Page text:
The government’s early super access scheme has once again come under fire, after new research showed almost half of successful applicants had suffered no drop in income.
An analysis of bank transaction data by economic consultants AlphaBeta and credit bureau illion found that 38 per cent of those making early withdrawals had suffered no loss in income, while 21 per cent had actually increased their income by 10 per cent or more.
If transposed onto official figures from regulator APRA, that would mean that 885,000 people withdrew money from superannuation between July 1 and August 9 despite maintaining their income.
To be eligible for early super withdrawals, members needed to have suffered a 20 per cent drop in working hours or turnover, or be unemployed.
But they did not need to provide evidence to the ATO.
The latest figures show that the number of members making withdrawals without income drops has risen dramatically from the 40 per cent revealed in AlphaBeta’s previous analysis in June.
Members who access the scheme despite being ineligible could face prosecution, with the ATO currently investigating 400 early withdrawal claims after stopping 3000 people from taking out money.
According to APRA’s latest figures, $32.2 billion has been withdrawn from superannuation via 2.7 million applications, with members making 1.1 million repeat applications from July.
The average withdrawal has been $7689, while the maximum allowed is $20,000 over two tranches of $10,000.
More men are having a flutter
As with the first analysis, the majority of withdrawals don’t seem to have been used for emergency purposes, with 64 per cent of spending going on discretionary items like clothing, furniture, restaurants and alcohol.
Men spent 10 per cent of their withdrawals on gambling, while for women this figure was 6 per cent.
However, the magnitude of gambling seems to have declined, with the average gambling spend within the first two weeks of withdrawal being $284, compared to $327 in the earlier report, which covered the first tranche of withdrawals between April and June.
During the second tranche of payments, 24 per cent (22 per cent earlier) of spending was on essential items and 12 per cent was on debt repayments, compared to 14 per cent in the earlier analysis.
But debt repayments include spending on buy-now-pay-later arrangements.
Andrew Charlton, AlphaBeta director and former adviser to PM Kevin Rudd, said overall spending in dollar terms was mainly higher in the second round.
“This second tranche of super withdrawal and spending follows the same trend as the first round, but at greater levels of spending,” he said.
“While this policy was aimed as a lifeline, more than half the people that withdrew the second amount had no change in income.”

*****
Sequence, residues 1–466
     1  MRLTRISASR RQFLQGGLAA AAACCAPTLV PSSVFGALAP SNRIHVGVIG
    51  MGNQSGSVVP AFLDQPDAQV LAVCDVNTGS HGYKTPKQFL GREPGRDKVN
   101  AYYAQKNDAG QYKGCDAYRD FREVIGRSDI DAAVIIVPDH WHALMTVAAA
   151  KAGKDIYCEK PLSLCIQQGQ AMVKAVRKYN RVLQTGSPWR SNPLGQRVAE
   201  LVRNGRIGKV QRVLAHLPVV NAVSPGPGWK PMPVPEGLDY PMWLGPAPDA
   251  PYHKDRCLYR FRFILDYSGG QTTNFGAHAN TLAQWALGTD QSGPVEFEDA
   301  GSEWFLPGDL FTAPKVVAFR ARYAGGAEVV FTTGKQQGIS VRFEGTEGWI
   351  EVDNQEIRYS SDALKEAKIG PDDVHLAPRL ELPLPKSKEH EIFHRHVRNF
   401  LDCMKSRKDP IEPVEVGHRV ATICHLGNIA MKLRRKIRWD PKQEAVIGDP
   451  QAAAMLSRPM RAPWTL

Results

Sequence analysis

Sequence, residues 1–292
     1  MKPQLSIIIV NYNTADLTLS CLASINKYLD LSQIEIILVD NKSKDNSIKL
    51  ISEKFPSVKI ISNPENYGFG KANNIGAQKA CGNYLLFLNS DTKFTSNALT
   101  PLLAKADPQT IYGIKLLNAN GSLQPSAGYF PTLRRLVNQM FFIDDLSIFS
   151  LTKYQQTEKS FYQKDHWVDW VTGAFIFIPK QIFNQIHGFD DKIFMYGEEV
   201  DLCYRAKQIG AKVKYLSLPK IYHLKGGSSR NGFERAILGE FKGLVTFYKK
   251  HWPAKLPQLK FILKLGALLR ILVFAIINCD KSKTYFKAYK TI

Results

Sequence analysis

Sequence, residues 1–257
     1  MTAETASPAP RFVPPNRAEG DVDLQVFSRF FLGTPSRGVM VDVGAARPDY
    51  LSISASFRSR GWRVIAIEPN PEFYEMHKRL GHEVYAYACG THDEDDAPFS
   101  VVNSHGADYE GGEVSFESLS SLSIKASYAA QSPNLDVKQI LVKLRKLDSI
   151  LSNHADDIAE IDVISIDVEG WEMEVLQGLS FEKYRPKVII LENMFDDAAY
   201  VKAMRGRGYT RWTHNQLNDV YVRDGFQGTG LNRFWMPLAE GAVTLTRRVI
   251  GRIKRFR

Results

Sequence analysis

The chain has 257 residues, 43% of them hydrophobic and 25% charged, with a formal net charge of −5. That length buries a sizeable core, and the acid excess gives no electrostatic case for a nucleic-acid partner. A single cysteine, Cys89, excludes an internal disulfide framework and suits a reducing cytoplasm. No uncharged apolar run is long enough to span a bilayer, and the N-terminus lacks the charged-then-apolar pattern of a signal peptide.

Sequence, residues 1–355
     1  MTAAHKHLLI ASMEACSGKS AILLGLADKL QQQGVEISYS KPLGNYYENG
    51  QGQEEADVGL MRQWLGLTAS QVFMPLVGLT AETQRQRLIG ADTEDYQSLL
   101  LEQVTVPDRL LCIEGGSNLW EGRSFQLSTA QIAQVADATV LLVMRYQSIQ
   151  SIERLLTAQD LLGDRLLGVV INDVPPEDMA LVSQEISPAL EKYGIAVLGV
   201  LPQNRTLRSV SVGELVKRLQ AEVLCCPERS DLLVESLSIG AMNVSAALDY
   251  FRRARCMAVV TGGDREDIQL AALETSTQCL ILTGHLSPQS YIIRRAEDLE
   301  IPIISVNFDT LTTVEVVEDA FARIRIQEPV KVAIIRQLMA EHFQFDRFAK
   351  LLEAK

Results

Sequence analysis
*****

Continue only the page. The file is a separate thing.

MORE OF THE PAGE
Where people had made short-term decisions to spend super early, Dr Charlton said this would “have a major impact on the retirement incomes of those who withdrew their super”.
But superannuation assistant minister Jane Hume was sceptical of the findings.
She told The New Daily that the research covering 10,000 people “represents only about 0.37 per cent of those who have made early withdrawals”.
The ATO looked at this and found that 90 per cent of applicants on the first blush were eligible for early release of super,” Senator Hume said.
“Of the remaining 10 per cent, it contacted them and found that nine out of 10 were eligible.”
Senator Hume described the research as “misleading” and said she was “very uncomfortable about some of the judgments about what is or is not appropriate expenditure”.
“They’ve included things like food delivery as discretionary spending or furniture for a home office. Are they discretionary during lockdown?”
Senator Hume also confirmed to The New Daily that October’s Budget would contain reforms to superannuation, including possible changes to the use of ‘default funds’ for workers who make no personal choice.
“That was a recommendation from both the 2018 Productivity Commission review and the Hayne financial services royal commission,” she said.
Industry Super Australia CEO Bernie Dean said AlphaBeta’s research was unsurprising.
“The industry repeatedly warned the government that the scheme’s self-assessment model would allow ineligible claims to pass through and make the system susceptible to rorting,” he said.
“This policy was intended to support those in genuine hardship, and payment to them can be slowed down by applications from people that aren’t eligible.
“The absence of a cop on the beat just fuels criticism that this was a stimulus measure – designed to encourage some Australians to raid their retirement savings to bail out the economy.”
The New Daily is owned by Industry Super Holdings